Quantitative determination of age-related geometric changes in the normal abdominal aorta

Dominik Fleischmann, Trevor J. Hastie, Felix C. Dannegger, David S. Paik, Manfred Tillich, Christopher K. Zarins, Geoffrey D. Rubin

Research output: Contribution to journalArticlepeer-review

36 Scopus citations

Abstract

Purpose: We conducted a novel quantitative three-dimensional analysis of computed tomography (CT) angiograms to establish the relationship between aortic geometry and age, sex, and body surface area in healthy subjects. Methods: Abdominal helical CT angiograms from 77 healthy potential renal donors (33 men/44 women; mean age, 44 years; age range, 19-67 years) were selected. In each dataset, orthonormal cross-sectional area and diameter measurements were obtained at 1-mm intervals along the automatically calculated central axis of the abdominal aorta. The aorta was subdivided into six consecutive anatomic segments (supraceliac, supramesenteric, suprarenal, inter-renal, proximal infrarenal, and distal infrarenal). The interrelated effects of anatomic segment, age, sex, and body surface area on cross-sectional dimensions were analyzed with linear mixed-effects and varying-coefficient statistical models. Results: We found that significant effects of sex and of body surface area on aortic diameters were similar at all anatomic levels. The effect of age, however, was interrelated with anatomic position, and gradually decreasing slopes of significant diameter-versus-age relationships along the aorta, which ranged from 0.14 mm/y (P < .0001) proximally to 0.03 mm/y (P = .013) distally in the abdominal aorta, were shown. Conclusion: The abdominal aorta undergoes considerable geometric changes when a patient is between 19 and 67 years of age, leading to an increase of aortic taper with time. The hemodynamic consequences of this geometric evolution for the development of aortic disease still need to be established.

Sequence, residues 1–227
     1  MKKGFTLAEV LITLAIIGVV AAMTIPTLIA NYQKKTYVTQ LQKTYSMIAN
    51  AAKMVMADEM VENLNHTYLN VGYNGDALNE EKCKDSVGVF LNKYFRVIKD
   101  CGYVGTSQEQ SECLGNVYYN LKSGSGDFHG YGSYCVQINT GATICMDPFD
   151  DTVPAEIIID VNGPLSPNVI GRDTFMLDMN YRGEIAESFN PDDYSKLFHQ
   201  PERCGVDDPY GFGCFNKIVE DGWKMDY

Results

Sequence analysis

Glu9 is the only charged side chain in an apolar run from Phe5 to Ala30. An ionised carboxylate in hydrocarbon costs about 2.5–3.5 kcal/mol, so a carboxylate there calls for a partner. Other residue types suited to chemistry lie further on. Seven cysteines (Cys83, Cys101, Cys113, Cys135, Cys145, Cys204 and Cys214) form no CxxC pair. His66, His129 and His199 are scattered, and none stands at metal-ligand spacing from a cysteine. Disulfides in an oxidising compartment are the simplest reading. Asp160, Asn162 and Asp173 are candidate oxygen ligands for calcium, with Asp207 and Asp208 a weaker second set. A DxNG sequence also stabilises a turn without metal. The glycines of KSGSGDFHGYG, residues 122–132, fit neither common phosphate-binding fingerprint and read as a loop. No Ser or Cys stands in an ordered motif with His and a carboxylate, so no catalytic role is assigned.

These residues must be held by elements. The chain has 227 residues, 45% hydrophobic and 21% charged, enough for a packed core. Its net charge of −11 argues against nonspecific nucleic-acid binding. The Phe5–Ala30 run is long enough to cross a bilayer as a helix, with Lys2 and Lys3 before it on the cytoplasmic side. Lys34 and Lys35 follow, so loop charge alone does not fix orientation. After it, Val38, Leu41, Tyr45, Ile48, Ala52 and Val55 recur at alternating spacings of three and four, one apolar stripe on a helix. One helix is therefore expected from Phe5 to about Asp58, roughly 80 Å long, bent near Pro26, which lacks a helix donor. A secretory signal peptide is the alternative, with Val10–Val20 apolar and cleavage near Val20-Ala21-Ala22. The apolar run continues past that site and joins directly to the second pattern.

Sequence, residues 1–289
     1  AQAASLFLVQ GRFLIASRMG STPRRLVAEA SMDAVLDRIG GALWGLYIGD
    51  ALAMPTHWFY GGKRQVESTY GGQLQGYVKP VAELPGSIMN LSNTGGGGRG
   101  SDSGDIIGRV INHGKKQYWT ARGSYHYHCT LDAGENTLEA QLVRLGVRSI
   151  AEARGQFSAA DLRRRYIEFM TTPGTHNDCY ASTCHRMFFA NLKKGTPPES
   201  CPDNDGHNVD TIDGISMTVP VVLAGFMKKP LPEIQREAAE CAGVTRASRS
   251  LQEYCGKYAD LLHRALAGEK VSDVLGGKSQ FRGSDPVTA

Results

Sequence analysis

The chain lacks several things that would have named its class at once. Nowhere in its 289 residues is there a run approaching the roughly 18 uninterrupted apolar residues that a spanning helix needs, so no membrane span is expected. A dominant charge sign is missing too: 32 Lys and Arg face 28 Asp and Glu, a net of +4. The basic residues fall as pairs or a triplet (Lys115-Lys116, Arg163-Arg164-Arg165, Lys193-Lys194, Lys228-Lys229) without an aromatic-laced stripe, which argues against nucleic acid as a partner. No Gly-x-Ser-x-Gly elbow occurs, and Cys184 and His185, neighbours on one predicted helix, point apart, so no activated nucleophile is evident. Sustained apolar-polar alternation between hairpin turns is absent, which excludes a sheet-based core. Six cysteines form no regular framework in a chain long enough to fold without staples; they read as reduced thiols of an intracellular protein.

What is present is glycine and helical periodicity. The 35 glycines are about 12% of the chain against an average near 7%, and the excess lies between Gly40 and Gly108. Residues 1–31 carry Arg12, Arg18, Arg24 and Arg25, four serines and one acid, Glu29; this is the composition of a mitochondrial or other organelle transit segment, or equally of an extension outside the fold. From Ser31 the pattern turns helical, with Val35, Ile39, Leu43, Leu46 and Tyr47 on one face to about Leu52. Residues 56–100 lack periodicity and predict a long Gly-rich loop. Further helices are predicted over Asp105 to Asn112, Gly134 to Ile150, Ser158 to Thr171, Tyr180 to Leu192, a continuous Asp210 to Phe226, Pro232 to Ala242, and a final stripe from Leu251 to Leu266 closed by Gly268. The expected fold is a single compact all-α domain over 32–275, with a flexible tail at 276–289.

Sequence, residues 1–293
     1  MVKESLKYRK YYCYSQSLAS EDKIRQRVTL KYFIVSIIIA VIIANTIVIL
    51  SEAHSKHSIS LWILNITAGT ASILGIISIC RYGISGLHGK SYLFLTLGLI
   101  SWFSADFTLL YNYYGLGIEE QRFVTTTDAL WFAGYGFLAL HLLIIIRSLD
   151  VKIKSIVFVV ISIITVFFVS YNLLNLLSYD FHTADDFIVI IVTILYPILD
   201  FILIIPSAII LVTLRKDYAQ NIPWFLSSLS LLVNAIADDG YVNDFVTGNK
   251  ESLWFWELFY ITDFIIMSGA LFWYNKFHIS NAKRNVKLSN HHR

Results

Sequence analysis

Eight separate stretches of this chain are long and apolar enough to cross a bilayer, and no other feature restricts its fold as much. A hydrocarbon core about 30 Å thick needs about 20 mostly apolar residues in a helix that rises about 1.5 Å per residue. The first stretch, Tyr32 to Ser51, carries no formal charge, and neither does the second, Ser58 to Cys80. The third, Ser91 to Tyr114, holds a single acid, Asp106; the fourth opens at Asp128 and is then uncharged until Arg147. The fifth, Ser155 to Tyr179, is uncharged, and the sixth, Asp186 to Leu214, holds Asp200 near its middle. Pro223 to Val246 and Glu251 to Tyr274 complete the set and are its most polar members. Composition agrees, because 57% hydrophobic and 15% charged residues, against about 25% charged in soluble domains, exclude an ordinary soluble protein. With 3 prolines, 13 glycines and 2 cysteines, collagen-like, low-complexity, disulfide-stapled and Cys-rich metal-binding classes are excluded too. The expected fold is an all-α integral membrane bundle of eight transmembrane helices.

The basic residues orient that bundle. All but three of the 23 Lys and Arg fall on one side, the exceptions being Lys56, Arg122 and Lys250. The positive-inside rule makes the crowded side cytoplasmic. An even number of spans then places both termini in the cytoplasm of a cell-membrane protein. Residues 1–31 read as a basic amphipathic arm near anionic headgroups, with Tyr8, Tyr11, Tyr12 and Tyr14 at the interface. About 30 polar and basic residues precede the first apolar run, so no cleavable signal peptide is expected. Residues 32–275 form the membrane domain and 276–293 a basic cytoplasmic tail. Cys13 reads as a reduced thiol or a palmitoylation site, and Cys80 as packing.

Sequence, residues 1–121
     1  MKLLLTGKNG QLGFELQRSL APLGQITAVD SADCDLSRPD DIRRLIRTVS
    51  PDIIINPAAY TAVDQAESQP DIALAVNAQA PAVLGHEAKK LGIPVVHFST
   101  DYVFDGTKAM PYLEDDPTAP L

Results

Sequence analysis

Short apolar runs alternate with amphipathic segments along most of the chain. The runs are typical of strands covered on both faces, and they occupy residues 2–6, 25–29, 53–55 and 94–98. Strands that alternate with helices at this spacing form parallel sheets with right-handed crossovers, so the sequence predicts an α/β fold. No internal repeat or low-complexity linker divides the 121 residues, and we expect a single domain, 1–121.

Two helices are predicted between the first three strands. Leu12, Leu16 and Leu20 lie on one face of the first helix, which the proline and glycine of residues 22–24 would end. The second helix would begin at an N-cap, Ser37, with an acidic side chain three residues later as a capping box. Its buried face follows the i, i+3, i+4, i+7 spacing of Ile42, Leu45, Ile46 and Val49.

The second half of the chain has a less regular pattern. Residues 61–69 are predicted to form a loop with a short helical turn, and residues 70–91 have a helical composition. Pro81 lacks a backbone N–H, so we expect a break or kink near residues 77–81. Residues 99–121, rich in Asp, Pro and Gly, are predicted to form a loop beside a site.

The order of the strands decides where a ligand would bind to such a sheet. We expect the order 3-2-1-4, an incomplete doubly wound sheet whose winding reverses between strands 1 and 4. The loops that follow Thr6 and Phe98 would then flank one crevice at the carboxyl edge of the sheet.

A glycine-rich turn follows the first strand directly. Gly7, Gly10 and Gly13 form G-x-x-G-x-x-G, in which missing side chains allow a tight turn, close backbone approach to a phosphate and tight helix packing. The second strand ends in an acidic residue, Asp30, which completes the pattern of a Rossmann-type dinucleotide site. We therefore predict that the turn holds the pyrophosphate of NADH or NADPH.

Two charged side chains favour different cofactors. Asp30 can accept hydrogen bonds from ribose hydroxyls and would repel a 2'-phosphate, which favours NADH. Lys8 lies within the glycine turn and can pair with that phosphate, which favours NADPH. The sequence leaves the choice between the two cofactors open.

Original languageEnglish (US)
Pages (from-to)97-105
Number of pages9
JournalJournal of vascular surgery
Volume33
Issue number1
DOIs
StatePublished - 2001
Externally publishedYes

ASJC Scopus subject areas

  • Surgery
  • Cardiology and Cardiovascular Medicine

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